- The Washington Times - Thursday, December 28, 2000

Having a ball

It wasn't too long after President Clinton made his inaugural waltz into the Oval Office that protest vigils began outside, orchestrated by members of the Washington chapter of the Free Republic.

Everyday folks moms and dads mostly agitated about everything from Whitewater to a certain White House intern.

Now, after so many years of standing outside in the cold, the Free Republic chapter has earned the privilege of hosting its own inaugural ball next month.

Wouldn't you know they've dubbed it the "Free Republic Inaugural Ball and Count the White House Silverware Party."

Adult feature

For those who haven't had their fill of presidential humor over the last eight years, grab a bowl of popcorn and click on the boob tube.

This New Year's weekend, Brian Lamb of C-SPAN fame will recap eight years of the Clinton administration by televising 11 separate speeches by President Clinton at the annual White House Correspondents and Radio & Television Correspondents Washington Gala Dinners.

And yes, the series will include the accompanying famous speech by radio personality Don Imus that made national headlines in 1996 remarks the White House pleaded with C-SPAN not to rebroadcast.

Mr. Imus, who had supported Mr. Clinton in 1992, only to back Bob Dole four years later, had the president and first lady Hillary Rodham Clinton clenching their teeth by bringing up the president's womanizing and legal troubles.

At one point, he wondered out loud what member of the Clinton family would become the first to be placed in a police lineup. He went on to suggest two campaign bumper stickers: "Clinton-Gore Please Raise Your Right Hand" and "Clinton-Gore 4 More or 5 To 10."

The grilling got worse or better, depending how you looked at it.

Mr. Imus later said of Mr. Clinton's reaction: "I can't even describe his face. If he'd had a gun, he'd a shot me. I was talking to him like I was sitting next to him on a bar stool."

Organizers of the dinner immediately apologized, in writing, to the president. As for White House reaction, Clinton spokesman Mike McCurry appealed to C-SPAN not to rebroadcast the event.

"I didn't know whether young children ought to be subjected to it, courtesy of C-SPAN," he said. Little did Mr. McCurry know all that Mr. Clinton himself would be subjecting children to two years later.

The series will air Saturday from noon to 8:15 p.m. In addition to the president's remarks, each gala features a nationally known comedian or humorist, besides Mr. Imus: Al Franken, Jon Stewart, Ray Romano, Jay Leno, Garrison Keillor, Darrell Hammond, Conan O'Brien and Elayne Boosler.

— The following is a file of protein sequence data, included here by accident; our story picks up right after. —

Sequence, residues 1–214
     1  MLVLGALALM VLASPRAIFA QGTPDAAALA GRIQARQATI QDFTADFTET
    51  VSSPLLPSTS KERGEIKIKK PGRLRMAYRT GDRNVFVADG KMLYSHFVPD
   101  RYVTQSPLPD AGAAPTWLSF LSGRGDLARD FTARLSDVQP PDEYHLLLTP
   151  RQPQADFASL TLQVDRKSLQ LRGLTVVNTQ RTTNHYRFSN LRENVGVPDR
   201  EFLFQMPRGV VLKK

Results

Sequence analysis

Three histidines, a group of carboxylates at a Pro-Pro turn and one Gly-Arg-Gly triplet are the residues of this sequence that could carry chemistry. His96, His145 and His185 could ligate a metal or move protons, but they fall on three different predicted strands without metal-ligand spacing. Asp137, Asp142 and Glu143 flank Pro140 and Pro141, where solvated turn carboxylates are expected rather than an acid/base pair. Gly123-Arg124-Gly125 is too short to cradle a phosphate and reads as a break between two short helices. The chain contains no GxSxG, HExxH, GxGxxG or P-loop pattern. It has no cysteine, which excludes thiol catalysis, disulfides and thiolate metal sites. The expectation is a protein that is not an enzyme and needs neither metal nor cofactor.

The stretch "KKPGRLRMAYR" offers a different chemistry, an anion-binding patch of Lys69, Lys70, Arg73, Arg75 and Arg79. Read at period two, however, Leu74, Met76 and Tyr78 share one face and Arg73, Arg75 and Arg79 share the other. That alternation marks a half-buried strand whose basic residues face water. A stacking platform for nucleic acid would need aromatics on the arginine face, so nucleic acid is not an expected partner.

Bill paying

Pardon him, pardon her, pardon you,

Pardon everyone Bill ever knew.

No need to be frugal:

Pardon Hubbell, McDougal.

Pardon Gore, pardon Hillary too!

F.R. Duplantier

Longing for Newt

The "What's New" section of Rep. Barney Frank's congressional Web site (www.house.gov/frank) inadvertently provides a bit of humor as we prepare to venture into the 107th Congress.

Beneath "What's New," the Massachusetts Democrat has mistakenly pasted the congressional seal for the "105th Congress."

Dial 411

Nationally known political pollster Frank Luntz of the Luntz Research Cos. is losing his senior vice president, Chris Ingram, who is creating his own firm 411 Communications.

Mr. Ingram, who among other Capitol Hill duties once ran the Washington press office of former Sen. Paul Coverdell of Georgia, says his new company will provide polling, communications and public relations assistance for corporate and political interests.

Moonlighting

A little elf reveals the man hiding behind a Santa Claus beard at a recent Christmas pageant in Middleburg was none other than Brit Hume, Washington anchor for Fox News.

Hey Dan

David "Neon" Hagen, a reader from Silver Spring, has heard rumors that President-elect George W. Bush, a former owner of the Texas Rangers (formerly the Washington Senators), will use his contacts to bring a professional baseball team back to the nation's capital.

"The way the Redskins played this year," Mr. Hagen observes, "he should try to bring a professional football team to Washington."

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